Last June I spoke at my very own local historical society on "Stories in your Family or Community."
In November I was interviewed by Bob Cudmore in his The Historians series on the New York History Blog. The interview took place during a meeting of the Mohawk Valley Museum Consortium, at which I gave a presentation on participatory narrative inquiry slanted toward history and museums. Afterwards, about twenty very nice people played a game of Narratopia, and I learned a lot from watching and playing with them. I would like to thank the Consortium, and David Brooks of the Schoharie Crossing Historic site, for asking me to participate and for encouraging me to bring Narratopia along.
In December I participated in the e-Learning Guild's Behavioral Change Summit with a presentation called "Behavioral Change for the Ornery." I'd like to thank the e-Learning Guild and the summit participants for the opportunity and the lively discussion.
In March I talked to Sally Fox for a podcast interview in her "Story Pros" series on her Engaging Presence podcast. The whole series is worth checking out!
Coming soon, eventually
Now I'll take a moment to update you on some plans for the future. That June presentation at my local historical society was a landmark event for me, because it was the first presentation I have ever made to non-professionals (my neighbors) about stories in everyday life. I came away with a feeling that the presentation wants to turn into a popular-press book, a more approachable sibling to the book of essays I've been growing for years about natural storytelling. I'm working on titles for both books - see what you think:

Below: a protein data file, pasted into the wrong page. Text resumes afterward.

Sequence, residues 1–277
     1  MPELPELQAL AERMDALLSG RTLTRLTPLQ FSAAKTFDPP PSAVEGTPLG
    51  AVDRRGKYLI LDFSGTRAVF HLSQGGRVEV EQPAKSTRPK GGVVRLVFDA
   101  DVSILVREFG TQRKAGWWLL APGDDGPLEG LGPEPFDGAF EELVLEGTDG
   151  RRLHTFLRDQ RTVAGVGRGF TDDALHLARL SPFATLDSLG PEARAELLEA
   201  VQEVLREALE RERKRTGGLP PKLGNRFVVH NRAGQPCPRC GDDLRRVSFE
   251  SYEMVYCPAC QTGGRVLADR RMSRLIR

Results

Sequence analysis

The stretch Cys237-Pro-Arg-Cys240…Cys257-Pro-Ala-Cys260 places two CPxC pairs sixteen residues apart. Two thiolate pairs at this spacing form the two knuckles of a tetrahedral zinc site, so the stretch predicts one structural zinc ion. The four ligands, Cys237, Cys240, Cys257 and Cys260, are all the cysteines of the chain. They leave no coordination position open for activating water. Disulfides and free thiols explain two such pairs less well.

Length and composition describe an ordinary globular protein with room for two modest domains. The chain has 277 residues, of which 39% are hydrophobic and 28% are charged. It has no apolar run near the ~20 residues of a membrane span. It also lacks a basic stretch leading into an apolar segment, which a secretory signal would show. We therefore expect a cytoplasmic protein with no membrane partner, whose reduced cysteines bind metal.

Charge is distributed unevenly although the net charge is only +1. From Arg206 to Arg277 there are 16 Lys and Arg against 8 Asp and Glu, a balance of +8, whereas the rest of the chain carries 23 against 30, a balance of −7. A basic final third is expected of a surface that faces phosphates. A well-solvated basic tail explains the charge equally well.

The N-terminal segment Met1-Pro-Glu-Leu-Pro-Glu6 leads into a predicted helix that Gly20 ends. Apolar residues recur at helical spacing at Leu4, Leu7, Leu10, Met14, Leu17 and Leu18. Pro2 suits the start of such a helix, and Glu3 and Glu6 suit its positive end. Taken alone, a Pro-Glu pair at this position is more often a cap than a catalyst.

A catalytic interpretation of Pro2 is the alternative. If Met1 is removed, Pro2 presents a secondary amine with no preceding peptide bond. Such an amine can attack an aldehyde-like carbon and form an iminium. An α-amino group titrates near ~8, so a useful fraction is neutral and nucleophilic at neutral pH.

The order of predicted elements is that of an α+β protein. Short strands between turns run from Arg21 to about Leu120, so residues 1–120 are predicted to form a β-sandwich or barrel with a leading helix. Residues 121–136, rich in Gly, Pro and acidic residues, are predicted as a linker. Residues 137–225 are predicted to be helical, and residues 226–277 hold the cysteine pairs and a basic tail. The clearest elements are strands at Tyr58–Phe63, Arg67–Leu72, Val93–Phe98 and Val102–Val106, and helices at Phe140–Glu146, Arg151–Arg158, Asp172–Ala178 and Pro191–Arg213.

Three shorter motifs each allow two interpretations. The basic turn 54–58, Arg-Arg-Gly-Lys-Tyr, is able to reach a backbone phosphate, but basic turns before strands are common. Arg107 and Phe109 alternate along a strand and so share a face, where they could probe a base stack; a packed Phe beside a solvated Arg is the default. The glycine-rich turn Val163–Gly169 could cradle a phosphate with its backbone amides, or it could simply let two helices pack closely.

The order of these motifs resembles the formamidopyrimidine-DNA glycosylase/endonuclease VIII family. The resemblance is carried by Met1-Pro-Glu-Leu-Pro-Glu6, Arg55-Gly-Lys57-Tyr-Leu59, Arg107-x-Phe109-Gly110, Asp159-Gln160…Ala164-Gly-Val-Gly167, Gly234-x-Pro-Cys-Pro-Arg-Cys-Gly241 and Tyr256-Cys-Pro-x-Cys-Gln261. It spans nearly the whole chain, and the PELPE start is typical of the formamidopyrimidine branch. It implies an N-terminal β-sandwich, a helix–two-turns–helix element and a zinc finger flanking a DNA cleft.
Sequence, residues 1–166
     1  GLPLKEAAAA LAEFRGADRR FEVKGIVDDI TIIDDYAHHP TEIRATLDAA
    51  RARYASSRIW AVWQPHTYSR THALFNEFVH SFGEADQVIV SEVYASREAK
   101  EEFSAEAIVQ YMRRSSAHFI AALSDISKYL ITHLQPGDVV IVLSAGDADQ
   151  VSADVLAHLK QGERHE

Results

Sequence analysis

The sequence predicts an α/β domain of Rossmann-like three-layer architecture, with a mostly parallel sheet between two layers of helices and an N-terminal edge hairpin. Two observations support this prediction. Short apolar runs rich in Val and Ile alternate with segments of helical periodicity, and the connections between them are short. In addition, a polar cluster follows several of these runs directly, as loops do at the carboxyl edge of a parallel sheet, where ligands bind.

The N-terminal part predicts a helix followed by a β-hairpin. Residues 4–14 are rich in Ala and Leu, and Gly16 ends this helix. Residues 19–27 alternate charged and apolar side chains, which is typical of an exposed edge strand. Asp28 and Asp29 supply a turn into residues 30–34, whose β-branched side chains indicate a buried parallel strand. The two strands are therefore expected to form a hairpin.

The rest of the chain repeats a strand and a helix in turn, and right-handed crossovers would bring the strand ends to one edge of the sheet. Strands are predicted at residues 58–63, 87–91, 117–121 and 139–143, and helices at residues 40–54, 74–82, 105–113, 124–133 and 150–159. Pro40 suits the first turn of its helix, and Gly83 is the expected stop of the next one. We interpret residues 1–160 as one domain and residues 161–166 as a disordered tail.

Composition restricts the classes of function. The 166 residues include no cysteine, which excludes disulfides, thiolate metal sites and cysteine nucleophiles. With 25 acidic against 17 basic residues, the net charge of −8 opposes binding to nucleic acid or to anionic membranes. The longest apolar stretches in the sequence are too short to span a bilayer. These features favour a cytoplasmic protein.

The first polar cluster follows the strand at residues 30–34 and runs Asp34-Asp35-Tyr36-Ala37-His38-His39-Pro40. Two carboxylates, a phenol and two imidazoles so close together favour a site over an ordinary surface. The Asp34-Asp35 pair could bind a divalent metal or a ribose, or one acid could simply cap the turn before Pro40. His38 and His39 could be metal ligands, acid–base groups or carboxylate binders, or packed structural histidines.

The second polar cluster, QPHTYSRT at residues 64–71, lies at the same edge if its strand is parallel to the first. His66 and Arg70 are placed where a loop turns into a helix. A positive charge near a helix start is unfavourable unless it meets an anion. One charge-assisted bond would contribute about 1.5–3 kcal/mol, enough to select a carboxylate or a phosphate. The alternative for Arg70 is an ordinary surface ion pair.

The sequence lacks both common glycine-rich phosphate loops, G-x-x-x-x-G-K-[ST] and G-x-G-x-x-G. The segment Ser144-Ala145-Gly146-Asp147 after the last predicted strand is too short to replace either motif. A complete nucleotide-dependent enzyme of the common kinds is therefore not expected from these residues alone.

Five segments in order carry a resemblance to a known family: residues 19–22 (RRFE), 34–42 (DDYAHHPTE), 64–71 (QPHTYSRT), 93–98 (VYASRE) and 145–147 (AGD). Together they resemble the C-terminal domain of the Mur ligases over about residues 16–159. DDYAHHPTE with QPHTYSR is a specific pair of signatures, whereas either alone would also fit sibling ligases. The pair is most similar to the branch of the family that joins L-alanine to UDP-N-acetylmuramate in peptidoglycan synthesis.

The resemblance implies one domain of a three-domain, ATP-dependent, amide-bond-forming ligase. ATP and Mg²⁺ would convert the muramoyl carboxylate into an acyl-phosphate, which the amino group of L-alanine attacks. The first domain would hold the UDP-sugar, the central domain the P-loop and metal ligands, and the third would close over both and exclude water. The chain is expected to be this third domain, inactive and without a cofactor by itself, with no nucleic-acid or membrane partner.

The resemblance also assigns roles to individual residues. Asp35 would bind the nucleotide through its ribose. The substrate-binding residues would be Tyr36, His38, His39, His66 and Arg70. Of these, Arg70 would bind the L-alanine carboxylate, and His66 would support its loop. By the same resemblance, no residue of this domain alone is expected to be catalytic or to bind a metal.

- For the book of essays, my working title is Store Bought Stories: Essays On Commercial and Conversational Narrative.
- For the popular book, my working title is The Stories You Share Could Be Your Own: Rediscovering the Ancient (And Fun!) Art of Conversational Story Sharing.
Why am I telling you this? Because you might be interested in either or both of these book projects. If you would like to send me input into my last essay on conversational story sharing in contemporary society (maybe a book recommendation), or feedback on my previous essays, or advice on the popular book, please do. I'll be glad to hear what you have to say.